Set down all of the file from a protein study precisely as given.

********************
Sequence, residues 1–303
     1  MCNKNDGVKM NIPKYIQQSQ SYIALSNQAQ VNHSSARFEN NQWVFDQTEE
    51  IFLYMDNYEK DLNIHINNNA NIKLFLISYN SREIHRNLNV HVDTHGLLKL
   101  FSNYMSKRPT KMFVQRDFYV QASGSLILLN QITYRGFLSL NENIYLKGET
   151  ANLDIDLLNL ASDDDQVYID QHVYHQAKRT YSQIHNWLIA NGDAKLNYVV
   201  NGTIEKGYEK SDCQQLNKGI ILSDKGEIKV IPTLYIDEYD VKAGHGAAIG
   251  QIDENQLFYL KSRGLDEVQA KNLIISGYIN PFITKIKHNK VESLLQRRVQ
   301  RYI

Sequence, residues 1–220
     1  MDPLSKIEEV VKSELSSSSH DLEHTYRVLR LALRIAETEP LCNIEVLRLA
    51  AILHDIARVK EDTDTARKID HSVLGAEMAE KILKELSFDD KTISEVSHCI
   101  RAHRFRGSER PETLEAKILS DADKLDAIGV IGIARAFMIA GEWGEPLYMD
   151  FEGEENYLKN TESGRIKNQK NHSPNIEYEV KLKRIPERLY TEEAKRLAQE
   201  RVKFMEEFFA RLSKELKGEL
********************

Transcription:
Sequence, residues 1–303
     1  MCNKNDGVKM NIPKYIQQSQ SYIALSNQAQ VNHSSARFEN NQWVFDQTEE
    51  IFLYMDNYEK DLNIHINNNA NIKLFLISYN SREIHRNLNV HVDTHGLLKL
   101  FSNYMSKRPT KMFVQRDFYV QASGSLILLN QITYRGFLSL NENIYLKGET
   151  ANLDIDLLNL ASDDDQVYID QHVYHQAKRT YSQIHNWLIA NGDAKLNYVV
   201  NGTIEKGYEK SDCQQLNKGI ILSDKGEIKV IPTLYIDEYD VKAGHGAAIG
   251  QIDENQLFYL KSRGLDEVQA KNLIISGYIN PFITKIKHNK VESLLQRRVQ
   301  RYI

Sequence, residues 1–220
     1  MDPLSKIEEV VKSELSSSSH DLEHTYRVLR LALRIAETEP LCNIEVLRLA
    51  AILHDIARVK EDTDTARKID HSVLGAEMAE KILKELSFDD KTISEVSHCI
   101  RAHRFRGSER PETLEAKILS DADKLDAIGV IGIARAFMIA GEWGEPLYMD
   151  FEGEENYLKN TESGRIKNQK NHSPNIEYEV KLKRIPERLY TEEAKRLAQE
   201  RVKFMEEFFA RLSKELKGEL